Friday, May 14, 2004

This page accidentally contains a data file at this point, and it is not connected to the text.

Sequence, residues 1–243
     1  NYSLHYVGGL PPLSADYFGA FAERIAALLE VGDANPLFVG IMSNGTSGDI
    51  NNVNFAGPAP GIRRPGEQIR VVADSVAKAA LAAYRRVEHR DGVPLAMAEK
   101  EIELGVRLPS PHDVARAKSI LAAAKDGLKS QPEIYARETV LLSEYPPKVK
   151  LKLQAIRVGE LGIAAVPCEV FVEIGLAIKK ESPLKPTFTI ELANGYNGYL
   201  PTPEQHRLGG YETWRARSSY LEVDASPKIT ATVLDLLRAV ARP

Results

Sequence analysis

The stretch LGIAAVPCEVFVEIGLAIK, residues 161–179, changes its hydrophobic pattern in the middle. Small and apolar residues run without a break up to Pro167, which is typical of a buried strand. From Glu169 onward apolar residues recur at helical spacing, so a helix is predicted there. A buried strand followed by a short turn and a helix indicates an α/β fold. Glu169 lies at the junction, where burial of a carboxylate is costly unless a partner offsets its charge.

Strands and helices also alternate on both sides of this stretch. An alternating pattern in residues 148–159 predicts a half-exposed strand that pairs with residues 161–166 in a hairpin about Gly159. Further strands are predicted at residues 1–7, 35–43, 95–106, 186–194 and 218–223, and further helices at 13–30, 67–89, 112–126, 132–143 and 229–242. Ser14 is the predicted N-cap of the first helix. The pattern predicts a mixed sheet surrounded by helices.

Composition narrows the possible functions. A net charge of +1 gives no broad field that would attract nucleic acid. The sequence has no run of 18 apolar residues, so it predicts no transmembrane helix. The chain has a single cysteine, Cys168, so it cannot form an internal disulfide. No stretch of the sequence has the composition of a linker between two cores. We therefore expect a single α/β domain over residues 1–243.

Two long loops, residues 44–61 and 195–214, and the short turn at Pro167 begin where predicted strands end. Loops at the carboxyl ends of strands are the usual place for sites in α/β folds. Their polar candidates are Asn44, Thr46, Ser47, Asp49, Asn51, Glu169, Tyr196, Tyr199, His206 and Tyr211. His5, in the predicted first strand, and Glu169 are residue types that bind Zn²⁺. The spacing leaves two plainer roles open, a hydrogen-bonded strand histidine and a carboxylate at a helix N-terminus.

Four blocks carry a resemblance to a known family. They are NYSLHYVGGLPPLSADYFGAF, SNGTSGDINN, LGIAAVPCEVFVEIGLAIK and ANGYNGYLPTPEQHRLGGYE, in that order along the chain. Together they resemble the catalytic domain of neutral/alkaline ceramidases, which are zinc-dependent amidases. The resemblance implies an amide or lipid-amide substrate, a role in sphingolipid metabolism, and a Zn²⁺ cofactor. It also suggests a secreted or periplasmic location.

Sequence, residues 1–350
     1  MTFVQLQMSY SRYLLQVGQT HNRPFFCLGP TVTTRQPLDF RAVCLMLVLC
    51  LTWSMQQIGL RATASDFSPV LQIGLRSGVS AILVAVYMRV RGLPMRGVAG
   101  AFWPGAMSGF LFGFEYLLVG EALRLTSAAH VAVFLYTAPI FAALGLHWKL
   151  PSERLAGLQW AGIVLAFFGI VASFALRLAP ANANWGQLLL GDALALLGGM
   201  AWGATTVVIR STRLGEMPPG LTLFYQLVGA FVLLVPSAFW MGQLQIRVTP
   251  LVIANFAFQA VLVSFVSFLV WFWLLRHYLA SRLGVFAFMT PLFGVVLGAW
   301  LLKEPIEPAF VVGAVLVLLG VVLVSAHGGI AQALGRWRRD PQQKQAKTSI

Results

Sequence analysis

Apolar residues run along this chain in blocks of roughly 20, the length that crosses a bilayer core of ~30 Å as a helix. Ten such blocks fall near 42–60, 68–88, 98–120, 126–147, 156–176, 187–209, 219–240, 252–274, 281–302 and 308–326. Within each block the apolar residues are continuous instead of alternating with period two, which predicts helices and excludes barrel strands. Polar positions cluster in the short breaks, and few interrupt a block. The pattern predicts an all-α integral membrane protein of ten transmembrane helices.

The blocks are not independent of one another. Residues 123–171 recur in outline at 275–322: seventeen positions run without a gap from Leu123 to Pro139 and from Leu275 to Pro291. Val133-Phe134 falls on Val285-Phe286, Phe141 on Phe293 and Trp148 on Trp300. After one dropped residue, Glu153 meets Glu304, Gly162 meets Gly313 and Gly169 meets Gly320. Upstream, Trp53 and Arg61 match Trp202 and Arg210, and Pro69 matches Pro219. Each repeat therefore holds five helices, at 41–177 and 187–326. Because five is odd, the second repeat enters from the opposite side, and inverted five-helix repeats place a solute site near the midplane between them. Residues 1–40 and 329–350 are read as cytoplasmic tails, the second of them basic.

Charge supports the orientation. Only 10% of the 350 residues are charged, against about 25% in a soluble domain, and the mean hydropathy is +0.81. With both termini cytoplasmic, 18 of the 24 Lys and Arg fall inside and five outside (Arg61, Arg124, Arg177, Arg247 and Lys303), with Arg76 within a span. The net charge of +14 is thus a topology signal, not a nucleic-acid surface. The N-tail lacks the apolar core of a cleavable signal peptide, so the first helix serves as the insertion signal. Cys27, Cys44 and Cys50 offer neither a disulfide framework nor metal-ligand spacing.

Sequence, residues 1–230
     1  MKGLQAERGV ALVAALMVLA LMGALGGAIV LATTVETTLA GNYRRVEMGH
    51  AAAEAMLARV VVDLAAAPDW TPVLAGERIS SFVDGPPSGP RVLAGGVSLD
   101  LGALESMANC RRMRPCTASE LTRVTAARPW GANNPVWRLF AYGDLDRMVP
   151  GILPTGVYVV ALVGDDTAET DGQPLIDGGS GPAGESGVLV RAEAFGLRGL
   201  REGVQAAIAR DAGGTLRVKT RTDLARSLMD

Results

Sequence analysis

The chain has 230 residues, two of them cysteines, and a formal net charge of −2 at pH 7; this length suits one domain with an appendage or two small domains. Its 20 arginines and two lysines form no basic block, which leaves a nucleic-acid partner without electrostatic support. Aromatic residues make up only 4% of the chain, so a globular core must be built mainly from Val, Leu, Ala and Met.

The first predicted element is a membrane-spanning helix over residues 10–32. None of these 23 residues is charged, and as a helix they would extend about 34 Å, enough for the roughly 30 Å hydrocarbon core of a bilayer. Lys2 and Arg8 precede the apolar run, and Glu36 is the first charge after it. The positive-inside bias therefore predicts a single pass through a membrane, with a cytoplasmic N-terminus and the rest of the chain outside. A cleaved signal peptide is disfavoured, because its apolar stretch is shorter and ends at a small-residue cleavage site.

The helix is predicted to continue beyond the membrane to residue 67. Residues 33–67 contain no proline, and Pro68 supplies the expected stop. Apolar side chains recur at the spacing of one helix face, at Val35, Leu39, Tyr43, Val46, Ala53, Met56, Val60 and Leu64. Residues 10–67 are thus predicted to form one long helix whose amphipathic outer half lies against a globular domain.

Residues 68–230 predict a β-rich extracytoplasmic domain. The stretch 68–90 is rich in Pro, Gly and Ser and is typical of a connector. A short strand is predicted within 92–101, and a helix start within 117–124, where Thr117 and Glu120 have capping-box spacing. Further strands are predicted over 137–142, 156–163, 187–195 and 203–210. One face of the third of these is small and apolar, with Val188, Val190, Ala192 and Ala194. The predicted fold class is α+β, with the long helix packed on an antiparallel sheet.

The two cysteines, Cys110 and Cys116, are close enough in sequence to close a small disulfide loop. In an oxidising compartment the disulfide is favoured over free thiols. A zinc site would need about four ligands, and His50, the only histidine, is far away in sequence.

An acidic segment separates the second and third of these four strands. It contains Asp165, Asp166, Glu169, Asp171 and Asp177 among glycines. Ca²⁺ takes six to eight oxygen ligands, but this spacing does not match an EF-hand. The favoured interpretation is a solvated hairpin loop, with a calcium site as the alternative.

An angle on the inflation story you don't hear much is the end of import price deflation. Since October 2003 non-petroleum import prices have surged at a 4.5% annualized rate. Compare this to the six months prior to that during which annualized non-petroleum import prices grew a scant 0.2%. Non-petroleum import price inflation was nonexistent throughout all of 2002 as well, and 2001 saw dramatic deflation to the tune of -5.4%. Is global overproduction finished? Or will the end of the era of cheap money return us to the status quo ante? Being a deflationista at heart, the General is inclined to the latter interpretation, but I'm willing to entertain other scenarios.

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